Geology of the northern Mamaku Plateau
Morgan, M. D. (1986). Geology of the northern Mamaku Plateau (Thesis, Master of Science (MSc)). The University of Waikato, Hamilton, New Zealand. Retrieved from https://hdl.handle.net/10289/14455
Permanent Research Commons link: https://hdl.handle.net/10289/14455
The geology of the northern Mamaku Plateau is dominated by the rhyolitic Mamaku and Waimakariri lgnimbrites, although exposures of the dacitic Waiteariki Ignimbrite are common in river gorges. The Mamaku lgnimbrite comprises 4 flow units (sheets 1 to 4). The base of sheet 2 (the bulk of the ignimbrite) is an uncompacted pyroclastic breccia to lapilli tuff grading into a moderate to strongly welded zone, often lenticulitic. The upper zone is incipiently welded, often light pinkish grey, with poor to moderate crystal contents. Fossil fumeroles are common in the upper middle of the flow, devitrification and vapour phase alteration is extensive. The upper zone of the Waimakariri Ignimbrite is usually light grey and incipiently welded. Towards the lower middle of the flow this grades down into a welded lenticulite, occasionally eutaxitic. The base is usually an incipiently welded pyroclastic breccia enriched in lithics. This ignimbrite has a poor to moderate crystal content, is composed of at least three flow units and often has an underlying Plinian airfall. Gas escape structures appear in distal outcrops. The unwelded top of the Waiteariki Ignimbrite is often eroded. Usually only the middle of the flow, a densely welded lenticulitic with eutaxitic texture is present. The base of the flow is a moderately devitrified, incipiently welded, pyroclastic breccia to fine tuff. Evidence suggests the Waiteariki Ignimbrite comprises 2 cooling units both of which are crystal rich. With increasing distance from source plagioclase crystal percentages, pumice size and pumice percentages decrease in the Mamaku Ignimbrite (sheet 2). For the Waimakariri Ignimbrite, there is a decrease in crystal lengths with distance from source (assumed to be the Taupo Volcanic Zone). There is an increase in crystal percentages from a medial to distal position, and a moderate increase in pumice percentages. This is explained by elutruation of vitric material from the Waimakariri as a co-ignimbrite air fall ash concentrating pumice and crystals. No relationship exists between crystal length and vertical position in the Mamaku ignimbrite. Pumice percentages often increase towards the top of the flow, while pumice numbers increase towards the middle of the flow. Welding is at a minimum at the base, at a maximum in the lower middle of the outcrop, reducing towards the top of the flow. Phenocryst increase towards the base of sheet 2 is attributed to welding/compaction. No relation exists between crystal length and vertical position in the Waimakariri Ignimbrite; pumice percentages and size increase towards the base of the flow, while pumice numbers often increase towards the base and top of the flow. Horizontal sections over distances of 194 and 350 m for the Mamaku and Waimakariri Ignimbrites respectively, demonstrated that they are relatively homogeneous over short distances. Both the Mamaku and Waimakariri Ignimbrites traveled as moderately fluidized laminar flows, but the surge deposits separating Mamaku flow units were turbulent as were parts of distal Waimakariri. The surges (probably foward jetting from the front of the flow) imply the Waimakariri flowed faster than the Mamaku Ignimbrite. A new flow unit is presented, perhaps more applicable to distal large ignimbrite eruptions, than the standard ignimbrite flow unit. Most field evidence indicated the Mamaku and Waimakariri Ignimbrites were emplaced en masse. The diversity of facies in both Mamaku and Waimakariri Ignimbrites implies a single large pyroclastic flow can operate under several flow regimes, dependent to some extent on local paleo-surface conditions.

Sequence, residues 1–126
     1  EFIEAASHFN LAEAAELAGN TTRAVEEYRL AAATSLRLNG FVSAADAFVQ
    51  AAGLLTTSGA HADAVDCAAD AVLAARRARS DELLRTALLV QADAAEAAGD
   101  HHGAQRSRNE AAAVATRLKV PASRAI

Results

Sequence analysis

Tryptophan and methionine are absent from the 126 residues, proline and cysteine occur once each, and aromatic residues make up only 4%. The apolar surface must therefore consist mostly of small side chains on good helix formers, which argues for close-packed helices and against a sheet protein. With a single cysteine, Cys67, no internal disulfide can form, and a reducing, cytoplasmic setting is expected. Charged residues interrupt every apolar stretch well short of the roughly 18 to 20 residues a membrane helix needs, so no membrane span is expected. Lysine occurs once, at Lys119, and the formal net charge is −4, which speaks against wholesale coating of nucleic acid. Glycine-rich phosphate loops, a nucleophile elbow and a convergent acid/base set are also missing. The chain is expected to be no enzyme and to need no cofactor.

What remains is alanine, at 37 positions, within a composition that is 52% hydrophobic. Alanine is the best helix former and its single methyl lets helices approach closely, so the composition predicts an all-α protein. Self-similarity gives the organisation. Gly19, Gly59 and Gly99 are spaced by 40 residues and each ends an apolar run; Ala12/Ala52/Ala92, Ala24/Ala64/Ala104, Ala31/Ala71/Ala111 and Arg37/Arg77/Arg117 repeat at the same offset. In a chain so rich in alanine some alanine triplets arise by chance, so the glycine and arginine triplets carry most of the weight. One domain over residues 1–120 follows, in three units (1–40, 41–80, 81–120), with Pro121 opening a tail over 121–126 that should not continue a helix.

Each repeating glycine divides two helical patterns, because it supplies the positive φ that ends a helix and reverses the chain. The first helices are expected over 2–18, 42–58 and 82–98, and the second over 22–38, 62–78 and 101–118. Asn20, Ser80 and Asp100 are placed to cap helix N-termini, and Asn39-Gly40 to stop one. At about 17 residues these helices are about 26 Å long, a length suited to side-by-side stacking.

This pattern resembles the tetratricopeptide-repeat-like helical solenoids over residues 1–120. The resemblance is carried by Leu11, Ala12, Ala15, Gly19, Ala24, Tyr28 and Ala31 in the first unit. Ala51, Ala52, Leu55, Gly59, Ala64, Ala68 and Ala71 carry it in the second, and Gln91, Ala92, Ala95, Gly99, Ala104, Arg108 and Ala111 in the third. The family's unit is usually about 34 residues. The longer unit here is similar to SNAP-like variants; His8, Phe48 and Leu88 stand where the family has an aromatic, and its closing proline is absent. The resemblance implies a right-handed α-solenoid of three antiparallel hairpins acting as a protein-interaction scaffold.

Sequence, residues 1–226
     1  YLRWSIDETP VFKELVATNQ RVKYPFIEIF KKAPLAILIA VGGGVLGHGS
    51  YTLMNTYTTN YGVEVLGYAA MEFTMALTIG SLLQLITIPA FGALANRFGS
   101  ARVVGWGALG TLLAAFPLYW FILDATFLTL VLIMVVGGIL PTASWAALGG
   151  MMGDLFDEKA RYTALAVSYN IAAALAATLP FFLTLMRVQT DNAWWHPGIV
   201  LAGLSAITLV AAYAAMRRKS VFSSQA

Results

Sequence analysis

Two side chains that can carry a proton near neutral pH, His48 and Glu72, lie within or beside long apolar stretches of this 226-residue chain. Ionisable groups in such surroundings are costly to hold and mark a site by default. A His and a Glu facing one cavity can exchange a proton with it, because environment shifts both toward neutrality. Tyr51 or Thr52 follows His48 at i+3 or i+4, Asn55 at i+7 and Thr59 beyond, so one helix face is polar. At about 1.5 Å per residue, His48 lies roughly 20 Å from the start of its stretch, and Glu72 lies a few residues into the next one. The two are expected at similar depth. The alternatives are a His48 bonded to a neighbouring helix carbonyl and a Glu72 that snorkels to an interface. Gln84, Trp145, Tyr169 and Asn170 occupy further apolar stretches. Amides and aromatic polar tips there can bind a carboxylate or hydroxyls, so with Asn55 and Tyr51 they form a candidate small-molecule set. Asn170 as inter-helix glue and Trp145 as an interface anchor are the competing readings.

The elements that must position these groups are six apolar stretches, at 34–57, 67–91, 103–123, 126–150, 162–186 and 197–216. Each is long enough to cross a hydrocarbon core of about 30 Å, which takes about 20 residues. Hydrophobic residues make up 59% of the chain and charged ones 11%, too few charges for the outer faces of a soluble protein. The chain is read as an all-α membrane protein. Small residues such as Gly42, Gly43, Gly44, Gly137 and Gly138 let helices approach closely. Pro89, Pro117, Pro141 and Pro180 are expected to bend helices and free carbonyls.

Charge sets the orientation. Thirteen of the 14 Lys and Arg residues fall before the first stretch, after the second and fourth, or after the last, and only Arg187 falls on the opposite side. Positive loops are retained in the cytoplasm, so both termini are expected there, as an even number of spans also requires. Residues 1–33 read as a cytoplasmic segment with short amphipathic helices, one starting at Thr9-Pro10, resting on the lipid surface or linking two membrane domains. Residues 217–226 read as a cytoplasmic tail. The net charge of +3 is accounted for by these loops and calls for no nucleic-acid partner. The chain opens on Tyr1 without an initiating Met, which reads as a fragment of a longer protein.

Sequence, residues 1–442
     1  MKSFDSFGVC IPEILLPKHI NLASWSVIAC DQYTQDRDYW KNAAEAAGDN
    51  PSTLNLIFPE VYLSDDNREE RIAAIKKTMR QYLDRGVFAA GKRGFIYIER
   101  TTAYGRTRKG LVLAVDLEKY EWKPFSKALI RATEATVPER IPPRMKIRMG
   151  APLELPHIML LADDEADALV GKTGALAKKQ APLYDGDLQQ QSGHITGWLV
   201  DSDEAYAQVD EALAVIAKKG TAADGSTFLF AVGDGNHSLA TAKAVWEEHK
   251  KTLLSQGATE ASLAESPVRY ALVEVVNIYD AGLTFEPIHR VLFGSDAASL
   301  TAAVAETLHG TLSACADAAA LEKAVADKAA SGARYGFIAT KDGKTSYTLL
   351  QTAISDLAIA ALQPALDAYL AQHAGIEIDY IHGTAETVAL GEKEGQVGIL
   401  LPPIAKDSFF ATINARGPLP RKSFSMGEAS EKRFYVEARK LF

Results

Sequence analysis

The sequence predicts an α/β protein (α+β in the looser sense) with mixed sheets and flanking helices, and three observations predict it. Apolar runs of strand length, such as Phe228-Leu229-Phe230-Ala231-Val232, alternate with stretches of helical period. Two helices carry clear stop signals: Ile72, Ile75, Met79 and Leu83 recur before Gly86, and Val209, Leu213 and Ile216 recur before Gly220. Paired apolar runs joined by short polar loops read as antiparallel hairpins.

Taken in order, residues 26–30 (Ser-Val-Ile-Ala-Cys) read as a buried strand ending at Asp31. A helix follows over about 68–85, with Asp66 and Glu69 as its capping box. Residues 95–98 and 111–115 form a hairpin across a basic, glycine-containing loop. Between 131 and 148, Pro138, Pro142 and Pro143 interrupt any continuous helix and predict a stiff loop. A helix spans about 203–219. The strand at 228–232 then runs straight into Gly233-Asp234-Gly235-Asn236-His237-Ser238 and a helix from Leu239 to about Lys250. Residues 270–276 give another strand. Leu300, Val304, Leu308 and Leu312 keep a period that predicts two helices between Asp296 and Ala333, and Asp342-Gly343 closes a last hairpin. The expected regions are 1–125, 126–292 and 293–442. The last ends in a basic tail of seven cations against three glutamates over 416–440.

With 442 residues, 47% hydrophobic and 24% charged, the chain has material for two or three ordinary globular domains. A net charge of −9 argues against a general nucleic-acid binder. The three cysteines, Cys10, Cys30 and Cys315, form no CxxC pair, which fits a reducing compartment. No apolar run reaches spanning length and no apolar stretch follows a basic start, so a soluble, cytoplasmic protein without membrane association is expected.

The University of Waikato
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